The former director of Public Prosecutions has decided to launch his own political party, named Real Change SA.
Stephen Pallaras QC hopes to run as a candidate in the upcoming state election in March 2022, he revealed.
Drawing on his legal background, the Greek Australian QC, who served as the state’s top prosecutor from 2005 until 2012, will run as an independent candidate in the SA Legislative Council.
“I have always had an interest in political issues, but I have been disenchanted by the lack of real actions by the politicians of both sides. I had a choice to either feel strong about it and criticise it all from the outside or I could actually do something about it and contribute to the community instead of trying to be critical of others,” Mr Pallaras told Neos Kosmos.
The former QC revealed his priorities as a candidate at the upcoming state election and his plans to run on a platform of improving domestic violence services, care and housing of the elderly and the state of the health system, as well as areas of law reform.
“After spending decades in court rooms and having a sound understanding of the challenges we face as a community I decided it was time to get involved and make a contribution in areas that I believe we need to focus on if we want to move forward and make progress,” he said.
The former QC identified the low conviction rate among sexual crimes as a priority should he be elected.
“We have a situation in this country because of the legal system that we inherited 200 years ago that so disadvantages women. When we do rape trials and sexual related trials, of every 100 assaults that might take place, we get about one or two convictions, which suggests, on the face of it, that 98 women out of 100 are lying. Now that just can’t be right,” he said.
“There must be something amiss with the system, which I think there is, and I want to tend to and fix so that we get a result which is in the same ballpark of trials in relation to every other offence. It is a disgraceful situation for a socialized society that is also harmful to our children and his harm doesn’t die out but moves from the one generation to the next. It is unjust, unfair, cruel, and it costs the community a lot of money to imprison people and also look after people. The way that we treat those sorts of cases does not do women any favours at all and I want to do something about it.”
Mr Pallaras said he had developed certain policy ideas to fix the issues but it was “not yet the time” to make them public.
“I think South Australia has a lot to offer, it’s a great state, but there are many things that need fixing,” said the former QC whose family migrated from Kastellorizo to Port Pirie in the late 1800.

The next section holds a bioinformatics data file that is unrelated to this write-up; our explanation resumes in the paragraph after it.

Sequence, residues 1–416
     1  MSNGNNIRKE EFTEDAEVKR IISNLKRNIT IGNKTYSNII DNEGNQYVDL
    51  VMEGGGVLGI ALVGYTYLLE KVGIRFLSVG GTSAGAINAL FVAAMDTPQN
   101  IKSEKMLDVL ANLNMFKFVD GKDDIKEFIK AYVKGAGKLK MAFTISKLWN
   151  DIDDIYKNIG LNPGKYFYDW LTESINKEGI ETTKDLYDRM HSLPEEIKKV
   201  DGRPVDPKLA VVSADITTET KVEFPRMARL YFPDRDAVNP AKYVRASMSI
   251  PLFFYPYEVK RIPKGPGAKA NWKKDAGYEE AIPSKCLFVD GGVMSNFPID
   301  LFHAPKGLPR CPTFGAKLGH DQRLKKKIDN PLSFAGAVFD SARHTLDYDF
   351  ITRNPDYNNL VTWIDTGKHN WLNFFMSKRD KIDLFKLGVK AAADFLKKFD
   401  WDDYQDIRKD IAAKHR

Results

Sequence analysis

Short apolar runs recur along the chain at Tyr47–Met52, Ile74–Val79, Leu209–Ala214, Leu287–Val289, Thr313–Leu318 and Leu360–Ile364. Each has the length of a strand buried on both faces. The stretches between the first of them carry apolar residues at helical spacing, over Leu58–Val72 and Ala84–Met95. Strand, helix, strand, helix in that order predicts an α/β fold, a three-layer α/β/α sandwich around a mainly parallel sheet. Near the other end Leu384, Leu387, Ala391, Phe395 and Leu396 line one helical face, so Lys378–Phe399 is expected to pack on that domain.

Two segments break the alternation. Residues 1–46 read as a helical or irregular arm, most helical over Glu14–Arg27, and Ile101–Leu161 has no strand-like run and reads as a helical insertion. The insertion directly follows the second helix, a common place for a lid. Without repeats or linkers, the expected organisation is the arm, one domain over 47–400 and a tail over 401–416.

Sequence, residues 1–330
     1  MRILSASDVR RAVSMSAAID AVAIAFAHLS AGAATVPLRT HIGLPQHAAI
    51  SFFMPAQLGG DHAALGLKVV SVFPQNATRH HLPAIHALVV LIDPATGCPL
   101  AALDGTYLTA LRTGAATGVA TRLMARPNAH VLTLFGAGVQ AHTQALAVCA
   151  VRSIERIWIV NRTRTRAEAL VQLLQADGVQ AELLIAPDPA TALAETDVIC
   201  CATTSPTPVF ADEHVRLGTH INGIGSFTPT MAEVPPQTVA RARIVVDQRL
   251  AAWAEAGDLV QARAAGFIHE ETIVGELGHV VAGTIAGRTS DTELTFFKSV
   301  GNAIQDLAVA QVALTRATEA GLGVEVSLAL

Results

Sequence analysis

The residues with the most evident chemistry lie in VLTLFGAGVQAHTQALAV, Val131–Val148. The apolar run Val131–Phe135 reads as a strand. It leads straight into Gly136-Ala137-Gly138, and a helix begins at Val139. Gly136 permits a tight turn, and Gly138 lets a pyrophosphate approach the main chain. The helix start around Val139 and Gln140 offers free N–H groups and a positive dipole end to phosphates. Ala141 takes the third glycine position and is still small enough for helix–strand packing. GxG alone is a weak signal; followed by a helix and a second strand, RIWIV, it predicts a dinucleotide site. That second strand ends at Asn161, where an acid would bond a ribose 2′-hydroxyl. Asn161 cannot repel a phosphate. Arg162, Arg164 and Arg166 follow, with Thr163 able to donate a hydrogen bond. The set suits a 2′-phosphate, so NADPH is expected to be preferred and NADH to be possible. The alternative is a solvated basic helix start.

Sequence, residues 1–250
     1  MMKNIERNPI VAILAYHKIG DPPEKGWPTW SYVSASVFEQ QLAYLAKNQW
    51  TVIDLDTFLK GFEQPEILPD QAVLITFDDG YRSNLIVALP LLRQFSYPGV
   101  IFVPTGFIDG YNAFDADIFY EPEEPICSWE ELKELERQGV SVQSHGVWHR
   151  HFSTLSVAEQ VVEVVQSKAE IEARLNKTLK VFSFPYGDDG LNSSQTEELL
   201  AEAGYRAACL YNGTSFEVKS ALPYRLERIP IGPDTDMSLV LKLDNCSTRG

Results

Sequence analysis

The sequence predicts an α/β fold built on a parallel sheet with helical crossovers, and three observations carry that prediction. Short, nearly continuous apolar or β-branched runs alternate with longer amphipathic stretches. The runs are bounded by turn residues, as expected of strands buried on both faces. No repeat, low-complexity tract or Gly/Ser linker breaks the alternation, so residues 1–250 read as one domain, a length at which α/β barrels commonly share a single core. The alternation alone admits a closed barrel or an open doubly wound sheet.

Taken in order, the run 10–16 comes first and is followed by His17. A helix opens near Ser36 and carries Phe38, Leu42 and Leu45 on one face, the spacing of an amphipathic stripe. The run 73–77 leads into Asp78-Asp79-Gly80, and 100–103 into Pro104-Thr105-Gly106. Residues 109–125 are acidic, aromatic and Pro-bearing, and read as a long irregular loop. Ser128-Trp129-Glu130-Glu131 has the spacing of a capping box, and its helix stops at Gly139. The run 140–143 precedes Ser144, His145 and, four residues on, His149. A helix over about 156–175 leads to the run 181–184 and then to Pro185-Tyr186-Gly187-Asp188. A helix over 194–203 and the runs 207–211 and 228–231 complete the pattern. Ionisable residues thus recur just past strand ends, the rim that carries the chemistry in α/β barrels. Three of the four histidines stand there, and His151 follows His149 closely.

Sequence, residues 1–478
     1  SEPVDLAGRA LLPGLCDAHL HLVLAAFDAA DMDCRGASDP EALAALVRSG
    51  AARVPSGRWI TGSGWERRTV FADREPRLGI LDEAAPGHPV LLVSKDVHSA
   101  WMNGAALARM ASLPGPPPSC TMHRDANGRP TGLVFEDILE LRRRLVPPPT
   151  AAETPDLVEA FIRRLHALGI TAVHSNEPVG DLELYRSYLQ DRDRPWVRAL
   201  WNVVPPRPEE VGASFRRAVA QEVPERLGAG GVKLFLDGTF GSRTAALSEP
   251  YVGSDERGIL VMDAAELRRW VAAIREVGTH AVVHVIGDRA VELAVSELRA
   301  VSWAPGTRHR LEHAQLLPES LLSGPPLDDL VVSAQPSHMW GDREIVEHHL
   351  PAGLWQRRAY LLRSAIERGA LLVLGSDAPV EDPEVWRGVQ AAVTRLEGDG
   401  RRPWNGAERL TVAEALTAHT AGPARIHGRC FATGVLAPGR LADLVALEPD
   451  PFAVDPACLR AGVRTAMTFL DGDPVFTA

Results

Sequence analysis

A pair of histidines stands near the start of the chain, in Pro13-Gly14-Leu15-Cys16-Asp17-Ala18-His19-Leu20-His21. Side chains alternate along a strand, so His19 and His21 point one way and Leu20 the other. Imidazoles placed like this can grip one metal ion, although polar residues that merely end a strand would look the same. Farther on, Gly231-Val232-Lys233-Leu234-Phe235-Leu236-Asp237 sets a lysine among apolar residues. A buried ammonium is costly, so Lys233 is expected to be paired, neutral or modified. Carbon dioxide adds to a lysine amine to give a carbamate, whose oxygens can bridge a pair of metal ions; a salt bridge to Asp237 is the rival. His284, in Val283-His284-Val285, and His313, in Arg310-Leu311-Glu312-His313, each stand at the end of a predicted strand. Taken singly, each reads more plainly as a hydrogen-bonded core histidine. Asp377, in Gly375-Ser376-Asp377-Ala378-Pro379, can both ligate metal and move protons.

“My grandparents were amongst the first Greeks to migrate to Australia back in the 1890’s and I am very proud of how well they did and how hard they worked in order for us to have a better life in Australia,” he said.
Having qualified in Melbourne, Australia in 1974, the son of Evagelia and Alexandros Pallaras, was South Australia’s second Director of Public Prosecutions.
He is admitted to practice as a barrister in the High Court of Australia and in the States of Victoria, Western Australia, South Australia as well as Hong Kong.
During his career he has prosecuted and defended at both the national and international level in many high-profile cases particularly in murder, corruption, fraud, drug and sex related cases.
He has successfully prosecuted cases of international fraud and international drug trafficking.
In 2000, he was appointed as Queen’s Counsel and in 2005 became the Director of Public Prosecutions for South Australia.
In 2010, Mr Pallaras was appointed as an Adjunct Professor to the School of Law, University of South Australia. He is a graduate of the Australian Institute of Company Directors.
In 2012, he was appointed as a Justice of the High Court and Court of Appeal in the Solomon Islands.
Throughout his career he has been awarded many commendations for excellence including those from the U.S. Justice Department, the US Drug Enforcement Administration, the Federal Police of the Netherlands and the Hong Kong Customs and Excise Department.
In the international arena Mr Pallaras has held the position of Executive Committee Member of the International Association of Anti-Corruption Agencies and was elected as Vice President of the International Association of Prosecutors.
He has also recently been engaged by the Secretariat of the Pacific Community in addressing parliamentarians in several Pacific countries including Fiji, Marshall Islands, Vanuatu and Kiribati on issues relating to domestic violence and human rights. For his work in these areas Mr Pallaras has been described as a “Human Rights Champion of the Pacific”.
“I am a very excited about this new chapter and I am hopeful that our community will come along with me to this journey,” concluded Mr Pallaras.